This week gave me the chance to discover two more albums I had never heard before... Perhaps his almost mythic status is what kept me away from Bob Marley previously.   I have only ignorance to cite for my lack of knowledge of The Band.  I had heard of Robbie Robertson and Levon Helm, but had never heard this album.  Whatever preconceptions I had about both of these records was dashed when I gave them my full attention.

46 Bob Marley & The Wailers - Legend

046: Bob Marley and the Wailers – Legend (1984)

I can't claim that I never heard these songs before.  Really, who could?

I would have to admit that I had heard almost every song here (if not all).  It was always just atmospheric, or background music--never something I had taken the time to sit down and digest.

Everything here is beautiful--I know I'm most likely preaching to the long-since converted.  I watched the Marley (2012) documentary to get more of a sense for the historical context of Bob Marley's music (currently available on Netflix streaming).  After having watched several music bio-documentaries this year, I would have to say this is one of the better ones I've seen thus far.  Many of these documentaries eulogize the subject and minimize any detail that might tarnish their legacy.  This one seemed to present the good, bad, and ugly.

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I never knew that Bob Marley was of mixed race--a German father and Jamaican mother--or the alienation he felt his whole life.  For me, this gave so much more depth and added layers to his over-arching message of unification, peace, and positivity.  The documentary presented the complex fact that he was a less than perfect father and husband.  I love seeing an honest humanity in documentaries like this.

What does one even say about the songs on this record?

I had heard every song here before for good reason.  They're amazing.  Every one.

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45 The Band - The Band

045: The Band – The Band (1969)

This is one of those albums that gets better every time I've listened to it.  I watched the Classic Albums episode about this record before even listening to the album once.  From it I definitely got a sense of how gifted each of these musicians is.  I was especially blown away by Garth Hudson--the keyboard player.  How he can play like that, I do not know.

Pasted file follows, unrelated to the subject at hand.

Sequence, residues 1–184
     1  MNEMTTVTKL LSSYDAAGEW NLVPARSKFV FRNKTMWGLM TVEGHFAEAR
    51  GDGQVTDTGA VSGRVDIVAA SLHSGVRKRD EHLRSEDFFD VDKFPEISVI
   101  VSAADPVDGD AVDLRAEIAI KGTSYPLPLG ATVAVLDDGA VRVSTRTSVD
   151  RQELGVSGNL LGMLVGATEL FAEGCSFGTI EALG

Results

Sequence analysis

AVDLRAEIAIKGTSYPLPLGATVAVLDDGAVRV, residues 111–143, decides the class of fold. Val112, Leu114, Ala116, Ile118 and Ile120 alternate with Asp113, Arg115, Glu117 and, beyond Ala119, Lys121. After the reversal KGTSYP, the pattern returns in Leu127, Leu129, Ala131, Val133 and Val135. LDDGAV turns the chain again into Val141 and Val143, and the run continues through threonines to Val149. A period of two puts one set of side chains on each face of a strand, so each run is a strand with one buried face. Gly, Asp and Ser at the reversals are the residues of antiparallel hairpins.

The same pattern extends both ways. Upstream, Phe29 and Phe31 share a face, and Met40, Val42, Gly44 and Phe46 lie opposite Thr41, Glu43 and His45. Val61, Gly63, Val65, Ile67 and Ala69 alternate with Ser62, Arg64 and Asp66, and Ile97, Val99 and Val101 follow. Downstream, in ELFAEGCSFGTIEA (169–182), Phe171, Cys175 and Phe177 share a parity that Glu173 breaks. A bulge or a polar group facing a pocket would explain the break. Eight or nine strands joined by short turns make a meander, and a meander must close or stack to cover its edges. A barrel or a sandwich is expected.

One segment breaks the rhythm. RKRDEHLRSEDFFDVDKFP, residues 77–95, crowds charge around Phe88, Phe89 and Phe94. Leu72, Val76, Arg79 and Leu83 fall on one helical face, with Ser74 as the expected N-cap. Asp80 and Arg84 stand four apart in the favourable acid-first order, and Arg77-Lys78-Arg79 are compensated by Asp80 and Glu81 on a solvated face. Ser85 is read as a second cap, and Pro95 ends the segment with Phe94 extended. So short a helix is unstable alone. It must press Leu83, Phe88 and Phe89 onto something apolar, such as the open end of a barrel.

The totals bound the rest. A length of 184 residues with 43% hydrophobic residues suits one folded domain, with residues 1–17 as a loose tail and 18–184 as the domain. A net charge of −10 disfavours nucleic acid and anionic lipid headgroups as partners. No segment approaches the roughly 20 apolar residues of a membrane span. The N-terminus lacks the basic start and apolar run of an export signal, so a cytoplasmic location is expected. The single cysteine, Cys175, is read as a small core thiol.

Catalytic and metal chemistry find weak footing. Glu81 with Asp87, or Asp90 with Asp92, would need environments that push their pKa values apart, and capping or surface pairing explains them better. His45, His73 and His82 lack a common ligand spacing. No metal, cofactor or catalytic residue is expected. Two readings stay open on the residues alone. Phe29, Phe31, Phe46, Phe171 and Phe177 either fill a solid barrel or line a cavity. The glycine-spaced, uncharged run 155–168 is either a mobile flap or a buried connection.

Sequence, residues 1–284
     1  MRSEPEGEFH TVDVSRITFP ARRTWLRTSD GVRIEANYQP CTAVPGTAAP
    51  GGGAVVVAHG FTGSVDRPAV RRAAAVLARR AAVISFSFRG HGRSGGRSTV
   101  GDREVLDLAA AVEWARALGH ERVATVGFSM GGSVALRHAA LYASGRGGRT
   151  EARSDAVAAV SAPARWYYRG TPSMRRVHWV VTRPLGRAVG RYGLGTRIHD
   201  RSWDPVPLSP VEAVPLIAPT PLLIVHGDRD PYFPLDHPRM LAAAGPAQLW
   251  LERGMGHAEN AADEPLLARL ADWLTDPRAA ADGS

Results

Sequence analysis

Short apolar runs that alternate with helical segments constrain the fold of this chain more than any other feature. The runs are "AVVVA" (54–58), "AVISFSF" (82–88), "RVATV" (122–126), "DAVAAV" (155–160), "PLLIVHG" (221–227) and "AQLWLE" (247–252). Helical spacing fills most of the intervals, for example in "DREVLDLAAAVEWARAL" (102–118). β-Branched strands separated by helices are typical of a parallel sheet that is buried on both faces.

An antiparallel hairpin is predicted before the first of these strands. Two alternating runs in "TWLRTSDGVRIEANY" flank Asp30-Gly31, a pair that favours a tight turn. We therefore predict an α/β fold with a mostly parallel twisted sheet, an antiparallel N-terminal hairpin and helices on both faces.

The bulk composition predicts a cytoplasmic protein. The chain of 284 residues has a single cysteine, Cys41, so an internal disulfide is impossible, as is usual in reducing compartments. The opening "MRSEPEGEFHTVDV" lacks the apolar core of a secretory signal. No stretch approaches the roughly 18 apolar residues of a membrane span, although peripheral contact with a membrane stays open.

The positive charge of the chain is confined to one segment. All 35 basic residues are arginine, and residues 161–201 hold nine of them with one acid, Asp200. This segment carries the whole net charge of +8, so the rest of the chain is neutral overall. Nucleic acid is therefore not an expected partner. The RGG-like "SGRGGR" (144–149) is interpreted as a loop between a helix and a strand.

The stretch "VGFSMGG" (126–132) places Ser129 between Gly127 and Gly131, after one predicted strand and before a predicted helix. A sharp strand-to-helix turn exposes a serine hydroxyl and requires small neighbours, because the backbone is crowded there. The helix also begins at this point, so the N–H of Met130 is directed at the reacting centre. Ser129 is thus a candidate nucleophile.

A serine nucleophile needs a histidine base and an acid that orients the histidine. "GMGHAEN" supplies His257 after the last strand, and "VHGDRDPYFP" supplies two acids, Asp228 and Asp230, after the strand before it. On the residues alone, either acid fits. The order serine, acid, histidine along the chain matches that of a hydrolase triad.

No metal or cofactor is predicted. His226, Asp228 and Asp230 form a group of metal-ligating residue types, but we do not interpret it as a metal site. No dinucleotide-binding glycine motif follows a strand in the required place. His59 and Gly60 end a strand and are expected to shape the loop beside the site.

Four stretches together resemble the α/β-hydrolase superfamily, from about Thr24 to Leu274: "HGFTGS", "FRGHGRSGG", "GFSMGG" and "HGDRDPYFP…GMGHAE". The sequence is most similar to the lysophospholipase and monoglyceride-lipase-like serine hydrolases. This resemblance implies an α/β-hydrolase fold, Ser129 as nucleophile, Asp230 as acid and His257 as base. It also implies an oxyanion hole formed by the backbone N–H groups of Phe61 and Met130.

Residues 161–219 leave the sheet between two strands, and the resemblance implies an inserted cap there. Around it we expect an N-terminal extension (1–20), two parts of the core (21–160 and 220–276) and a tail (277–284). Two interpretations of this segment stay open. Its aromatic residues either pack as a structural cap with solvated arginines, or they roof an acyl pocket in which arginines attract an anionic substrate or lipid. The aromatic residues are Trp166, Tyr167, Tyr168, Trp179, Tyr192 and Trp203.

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The first time I listened to the record, I was my typically guarded self.  I was like, meh, it's good, I guess.

Then I heard Whispering Pines.  That song is perfect.  I could listen to it a million times I still not be able to put a finger on why it's so magical for me.  I guess that's the power of songwriting.

On subsequent listens, I realized how much I was getting into other songs, like When You Awake (even though I may never understand why the song fades out during the middle of a lyric--"If I thought it would do any good, I'd stand on a rock with" ????), JawboneThe Unfaithful Servant (those horn lines, damn), King Harvest (Has Surely Come) (that bass line is sick).

[embed light]http://open.spotify.com/user/jessecor/playlist/0arCFEoXpvfdXIiRIkhDbN[/embed]

Verdict

Both of these albums are going to be added to my collection.  I want to delve deeper into Bob Marley's catalog.  Which full-length record should I focus on if I wanted to get deeper into his catalog?  Also, I'm looking forward to listening to Music From The Big Pink (#34)--reading the 33 1/3 book and finally watching The Last Waltz.  Who's coming with me?

Up Next

044: Patti Smith – Horses (1975)
043: Pink Floyd – The Dark Side of the Moon (1973)

Want to listen ahead, or see some posts you may have missed? Check out the full list of the 100 Greatest Albums here.

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